Agreeing to disagree on New Prosperity

In early December, a large delegation made a presentation to council. City council “agreed to disagree’” with them.


In early December, a large delegation made a presentation to council. City council “agreed to disagree’” with them.

But surely council must realize how destructive this project would be.

The truth is that this mine cannot be built in the heart of the Fish Creek watershed without causing extreme damage to the surrounding ecosystem, primarily to the lakes, waterways, and the fish that inhabit them.

Little Fish Lake would not survive, and the three salmon-bearing rivers; the Taseko, Chilko, and Chilcotin would all be polluted by toxic wastes and runoff from this massive project.

It would seriously endanger the strongest, highest quality salmon run in this province.

Grizzly bear habitat would be destroyed. The proposed Hydro transmission line would have a definite impact. A 400-foot high “containment dam” for waste rock and earth is an issue.

Ore concentrate would be shipped 120 miles to McAllister, and yet the road to Fish Lake is impassable.

Road construction is another huge footprint. All these factors contribute to a cumulative effect that is far too great to be acceptable.

The second proposal is highly flawed, no better than the first one, which was rejected with a “scathing condemnation.”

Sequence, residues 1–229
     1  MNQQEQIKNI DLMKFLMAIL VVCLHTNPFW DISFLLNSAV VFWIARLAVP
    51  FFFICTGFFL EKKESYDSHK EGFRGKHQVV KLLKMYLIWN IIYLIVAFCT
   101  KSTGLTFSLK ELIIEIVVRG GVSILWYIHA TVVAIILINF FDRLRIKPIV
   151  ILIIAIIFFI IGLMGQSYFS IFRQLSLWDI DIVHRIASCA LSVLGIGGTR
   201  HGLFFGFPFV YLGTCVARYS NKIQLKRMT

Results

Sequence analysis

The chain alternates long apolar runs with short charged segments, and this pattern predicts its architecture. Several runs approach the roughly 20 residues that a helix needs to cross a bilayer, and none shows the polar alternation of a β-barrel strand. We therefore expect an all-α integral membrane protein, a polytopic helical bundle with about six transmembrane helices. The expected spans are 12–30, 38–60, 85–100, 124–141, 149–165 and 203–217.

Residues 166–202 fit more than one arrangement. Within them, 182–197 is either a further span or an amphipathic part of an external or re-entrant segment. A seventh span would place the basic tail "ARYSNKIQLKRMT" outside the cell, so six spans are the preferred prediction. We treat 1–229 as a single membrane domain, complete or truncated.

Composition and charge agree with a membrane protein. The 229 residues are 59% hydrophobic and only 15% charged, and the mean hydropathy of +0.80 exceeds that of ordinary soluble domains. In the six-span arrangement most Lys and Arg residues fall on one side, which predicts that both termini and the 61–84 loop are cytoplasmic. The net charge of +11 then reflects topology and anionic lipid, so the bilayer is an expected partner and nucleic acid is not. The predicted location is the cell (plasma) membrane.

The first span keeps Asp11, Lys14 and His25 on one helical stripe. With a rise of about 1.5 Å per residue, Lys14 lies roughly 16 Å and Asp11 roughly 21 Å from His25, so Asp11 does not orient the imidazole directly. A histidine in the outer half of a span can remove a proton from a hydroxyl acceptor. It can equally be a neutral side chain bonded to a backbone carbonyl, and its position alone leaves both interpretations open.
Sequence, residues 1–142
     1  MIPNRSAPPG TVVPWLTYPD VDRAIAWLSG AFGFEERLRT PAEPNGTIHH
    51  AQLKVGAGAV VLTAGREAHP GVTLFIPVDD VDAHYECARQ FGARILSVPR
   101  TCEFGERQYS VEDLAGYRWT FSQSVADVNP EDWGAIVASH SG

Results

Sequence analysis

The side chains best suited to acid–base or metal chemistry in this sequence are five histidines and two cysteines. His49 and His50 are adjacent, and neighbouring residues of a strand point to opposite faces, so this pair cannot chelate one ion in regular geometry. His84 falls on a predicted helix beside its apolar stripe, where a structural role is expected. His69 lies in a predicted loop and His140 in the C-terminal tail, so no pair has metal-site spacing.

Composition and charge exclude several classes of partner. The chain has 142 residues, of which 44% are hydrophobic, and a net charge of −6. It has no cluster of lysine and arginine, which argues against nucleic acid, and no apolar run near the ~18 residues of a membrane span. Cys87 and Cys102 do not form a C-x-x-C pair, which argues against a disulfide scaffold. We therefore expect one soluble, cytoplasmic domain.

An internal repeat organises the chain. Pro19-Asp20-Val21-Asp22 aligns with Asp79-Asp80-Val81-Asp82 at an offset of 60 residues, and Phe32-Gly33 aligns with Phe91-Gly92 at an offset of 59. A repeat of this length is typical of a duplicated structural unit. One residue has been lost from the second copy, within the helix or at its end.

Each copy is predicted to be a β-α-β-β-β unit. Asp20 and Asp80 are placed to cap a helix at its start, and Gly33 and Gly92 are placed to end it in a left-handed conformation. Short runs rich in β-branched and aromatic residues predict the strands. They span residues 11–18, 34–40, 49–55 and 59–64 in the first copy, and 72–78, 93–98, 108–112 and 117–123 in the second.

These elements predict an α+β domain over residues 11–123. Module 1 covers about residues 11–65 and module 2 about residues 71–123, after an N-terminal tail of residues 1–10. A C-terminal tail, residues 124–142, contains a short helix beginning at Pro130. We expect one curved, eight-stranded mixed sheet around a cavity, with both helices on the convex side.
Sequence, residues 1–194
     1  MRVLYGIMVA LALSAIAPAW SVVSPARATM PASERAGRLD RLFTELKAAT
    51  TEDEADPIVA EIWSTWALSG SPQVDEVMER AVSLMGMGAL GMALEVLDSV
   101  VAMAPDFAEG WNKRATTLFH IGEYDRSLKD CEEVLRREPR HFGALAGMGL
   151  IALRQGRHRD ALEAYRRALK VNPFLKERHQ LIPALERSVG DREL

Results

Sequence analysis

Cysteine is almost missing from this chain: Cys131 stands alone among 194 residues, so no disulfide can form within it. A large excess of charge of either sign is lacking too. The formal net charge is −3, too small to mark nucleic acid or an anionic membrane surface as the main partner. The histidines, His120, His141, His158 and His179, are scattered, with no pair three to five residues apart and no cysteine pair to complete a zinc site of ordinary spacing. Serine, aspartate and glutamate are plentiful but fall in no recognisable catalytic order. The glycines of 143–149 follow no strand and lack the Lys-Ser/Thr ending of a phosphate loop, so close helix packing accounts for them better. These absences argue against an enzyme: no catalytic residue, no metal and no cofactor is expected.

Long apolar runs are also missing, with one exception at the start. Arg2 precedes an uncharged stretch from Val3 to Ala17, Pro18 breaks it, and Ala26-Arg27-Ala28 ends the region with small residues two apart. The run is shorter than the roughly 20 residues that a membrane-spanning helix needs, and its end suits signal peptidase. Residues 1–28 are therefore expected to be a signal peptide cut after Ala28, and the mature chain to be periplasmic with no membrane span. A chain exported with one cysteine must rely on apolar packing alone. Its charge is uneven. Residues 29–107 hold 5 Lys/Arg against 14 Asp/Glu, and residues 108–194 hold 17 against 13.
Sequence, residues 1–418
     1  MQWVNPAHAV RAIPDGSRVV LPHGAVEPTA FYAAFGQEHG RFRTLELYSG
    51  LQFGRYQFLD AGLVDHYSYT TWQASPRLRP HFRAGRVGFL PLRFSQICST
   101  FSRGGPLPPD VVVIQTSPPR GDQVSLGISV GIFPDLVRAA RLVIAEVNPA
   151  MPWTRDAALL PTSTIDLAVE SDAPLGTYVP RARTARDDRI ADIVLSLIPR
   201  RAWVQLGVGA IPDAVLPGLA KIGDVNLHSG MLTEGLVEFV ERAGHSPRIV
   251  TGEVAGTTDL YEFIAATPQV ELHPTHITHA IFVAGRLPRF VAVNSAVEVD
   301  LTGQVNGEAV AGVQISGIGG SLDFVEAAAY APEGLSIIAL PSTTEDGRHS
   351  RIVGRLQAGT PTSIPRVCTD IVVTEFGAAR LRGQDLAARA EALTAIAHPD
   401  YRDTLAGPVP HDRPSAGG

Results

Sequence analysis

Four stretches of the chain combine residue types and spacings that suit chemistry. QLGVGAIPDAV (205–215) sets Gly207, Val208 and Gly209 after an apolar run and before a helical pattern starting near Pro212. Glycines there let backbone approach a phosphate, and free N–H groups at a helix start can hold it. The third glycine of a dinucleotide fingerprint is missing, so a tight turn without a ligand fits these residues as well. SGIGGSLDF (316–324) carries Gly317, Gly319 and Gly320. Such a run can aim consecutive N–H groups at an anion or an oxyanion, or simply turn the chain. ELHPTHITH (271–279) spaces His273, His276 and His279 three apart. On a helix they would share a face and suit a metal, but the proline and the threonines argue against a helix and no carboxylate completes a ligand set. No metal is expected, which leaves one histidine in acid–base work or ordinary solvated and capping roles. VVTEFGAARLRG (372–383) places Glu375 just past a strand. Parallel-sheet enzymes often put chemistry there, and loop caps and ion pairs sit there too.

The panel also rejected the Environment Impact Statement submitted by Taseko mines, due to the harm to the four Valued Ecosystem Components-Atmospheric, Aquatic, Acoustic, and Terrestrial.

I would have to give Taseko Mines a low mark in each category.

The silence of this beautiful wilderness area would be gone, as heavy machinery starts moving earth and belching diesel into the air. All runoff from earth disturbance would flow into the rivers.

This area would soon become an industrial wasteland.

So how could city council (and the DBA) support this project? Because the economic benefits for the community mean more to them.

It is only marginally profitable,  very destructive to the environment, and faces strong opposition.

Why would Taseko pursue this project? Perhaps gold prices will reach $3,000 per ounce. They are probably counting on the Harper government, which puts resource extraction before environment and First Nations concerns. We do not agree, and remain opposed.

Michael Atwood

Williams Lake

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